FIGURES 19-23 illustrate forms of the invention in which the holder is extended rearwardly to provide a guide for a plunger shaft 58, which may be part of the cartridge or part of the holder. As shown, the plunger shaft is the type having an intergral button 60 at one end and an enlarged hollow portion 62 at the other end which receives the stub shaft 32 of the plunger piston 30 previously described. In these forms of the invention the holder has rearward extensions which support a bearing for the plunger shaft 58. While in the forms shown two such extension members are provided, one at each of the respective sides of the holder, the extension could be constituted by a single curved member continuous from side to side around the bottom of the cartridge holder.

The plunger shaft bearing may be a cylindrical sleeve 66 as shown in FIGURES 19 and 20. This sleeve may be formed integrally with the extension 64, and may be split longitudinally to permit insertion of the plunger shaft 58 if the shaft has an enlarged portion 62 as shown. Splitting the bearing may also facilitate distortion of the holder during insertion and removal of the cartridge,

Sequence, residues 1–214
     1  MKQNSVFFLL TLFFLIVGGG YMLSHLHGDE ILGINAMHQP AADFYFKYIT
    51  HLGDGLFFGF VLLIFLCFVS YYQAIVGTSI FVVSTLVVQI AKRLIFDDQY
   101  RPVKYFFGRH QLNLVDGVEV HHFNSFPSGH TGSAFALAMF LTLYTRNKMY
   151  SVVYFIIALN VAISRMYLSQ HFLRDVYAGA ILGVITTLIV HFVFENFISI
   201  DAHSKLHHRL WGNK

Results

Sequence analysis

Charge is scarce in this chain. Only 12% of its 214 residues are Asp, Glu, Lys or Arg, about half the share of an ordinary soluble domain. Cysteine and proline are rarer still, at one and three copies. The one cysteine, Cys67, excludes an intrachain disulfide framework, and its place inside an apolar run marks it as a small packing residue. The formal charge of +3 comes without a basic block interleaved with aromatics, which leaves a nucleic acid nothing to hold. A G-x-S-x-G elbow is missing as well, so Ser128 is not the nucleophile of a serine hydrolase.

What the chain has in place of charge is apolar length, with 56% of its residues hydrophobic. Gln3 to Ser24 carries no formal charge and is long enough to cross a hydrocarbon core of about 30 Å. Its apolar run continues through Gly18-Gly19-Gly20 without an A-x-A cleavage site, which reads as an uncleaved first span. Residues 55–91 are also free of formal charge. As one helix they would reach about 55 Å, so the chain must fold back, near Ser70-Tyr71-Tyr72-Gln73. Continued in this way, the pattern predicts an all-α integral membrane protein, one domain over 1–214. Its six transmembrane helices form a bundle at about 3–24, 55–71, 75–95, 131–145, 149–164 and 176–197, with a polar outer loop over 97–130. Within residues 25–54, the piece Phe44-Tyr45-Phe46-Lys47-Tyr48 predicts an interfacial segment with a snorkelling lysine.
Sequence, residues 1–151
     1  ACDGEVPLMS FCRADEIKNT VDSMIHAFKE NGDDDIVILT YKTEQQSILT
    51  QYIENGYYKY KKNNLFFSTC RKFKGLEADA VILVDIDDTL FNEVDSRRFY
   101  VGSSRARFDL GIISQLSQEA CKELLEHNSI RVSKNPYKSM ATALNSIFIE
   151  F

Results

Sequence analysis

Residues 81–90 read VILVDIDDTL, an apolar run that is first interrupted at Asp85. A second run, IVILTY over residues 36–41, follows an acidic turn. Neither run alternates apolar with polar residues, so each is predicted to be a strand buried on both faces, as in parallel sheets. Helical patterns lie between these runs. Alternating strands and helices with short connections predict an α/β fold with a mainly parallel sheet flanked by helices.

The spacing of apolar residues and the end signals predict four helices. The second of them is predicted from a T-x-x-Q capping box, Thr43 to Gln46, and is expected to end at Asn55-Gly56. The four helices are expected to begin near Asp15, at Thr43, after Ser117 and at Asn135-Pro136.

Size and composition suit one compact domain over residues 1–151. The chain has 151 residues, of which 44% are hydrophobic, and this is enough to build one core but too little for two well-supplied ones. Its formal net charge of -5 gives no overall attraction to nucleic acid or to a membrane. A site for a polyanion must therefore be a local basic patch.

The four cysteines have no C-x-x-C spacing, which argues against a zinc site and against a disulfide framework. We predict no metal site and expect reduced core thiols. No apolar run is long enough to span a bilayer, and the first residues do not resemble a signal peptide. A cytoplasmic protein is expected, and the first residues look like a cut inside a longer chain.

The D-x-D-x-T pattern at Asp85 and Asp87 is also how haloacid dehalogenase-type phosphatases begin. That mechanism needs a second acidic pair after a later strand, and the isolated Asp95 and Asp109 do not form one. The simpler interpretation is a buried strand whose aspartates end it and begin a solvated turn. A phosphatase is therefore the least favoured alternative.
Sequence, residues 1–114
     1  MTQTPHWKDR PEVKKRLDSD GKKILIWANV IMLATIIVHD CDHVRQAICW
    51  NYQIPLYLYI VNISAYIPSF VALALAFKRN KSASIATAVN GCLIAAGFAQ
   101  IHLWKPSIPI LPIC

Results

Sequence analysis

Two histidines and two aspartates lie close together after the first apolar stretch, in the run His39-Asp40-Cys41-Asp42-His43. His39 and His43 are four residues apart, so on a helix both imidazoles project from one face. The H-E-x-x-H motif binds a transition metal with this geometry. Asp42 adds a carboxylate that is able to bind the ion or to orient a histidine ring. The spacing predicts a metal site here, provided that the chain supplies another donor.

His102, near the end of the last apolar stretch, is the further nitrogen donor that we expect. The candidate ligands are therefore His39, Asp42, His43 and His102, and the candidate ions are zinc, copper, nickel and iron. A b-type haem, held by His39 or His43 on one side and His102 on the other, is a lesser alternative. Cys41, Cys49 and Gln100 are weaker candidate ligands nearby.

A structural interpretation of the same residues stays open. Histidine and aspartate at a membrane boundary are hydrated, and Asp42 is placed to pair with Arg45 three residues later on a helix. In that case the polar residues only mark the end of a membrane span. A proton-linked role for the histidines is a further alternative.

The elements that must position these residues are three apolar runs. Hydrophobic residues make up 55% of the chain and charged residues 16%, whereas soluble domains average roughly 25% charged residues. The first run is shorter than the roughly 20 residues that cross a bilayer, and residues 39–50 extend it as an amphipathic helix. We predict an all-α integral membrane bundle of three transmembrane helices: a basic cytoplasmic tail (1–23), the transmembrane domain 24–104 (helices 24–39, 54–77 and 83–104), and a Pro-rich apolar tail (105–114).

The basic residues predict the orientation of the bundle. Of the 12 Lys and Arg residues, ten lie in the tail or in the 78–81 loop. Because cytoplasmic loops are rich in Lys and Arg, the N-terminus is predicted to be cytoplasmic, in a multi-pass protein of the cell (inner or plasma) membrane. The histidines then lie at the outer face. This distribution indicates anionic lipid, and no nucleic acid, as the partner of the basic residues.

although a continuous bearing sleeve is not objectionable if it is spaced far enough away from the channel proper so as not to impede the distortion of the channel. As will be apparent, the bearing 66 serves to guide the plunger shaft`5=8 and to maintain the shaft yaligned with the axis of the cartridge. It also prevents accidental Withdrawal of the plunger shaft from the holder if the opening in the bearing is of smaller diameter than the enlarged portion 62 ofthe shaft.

In the embodiment illustrated in FIGURES 21 and 22 the shaft bearing 68 is pivotally mounted on extensions 70, as by pins 72 which are snapped into corresponding holes in the extensions 70. Thus when the plunger shaft is withdrawn from the cartridge barrel, the shaft and its bearing 68 may be tilted with respect to the axis of the cartridge and the cartridge holder.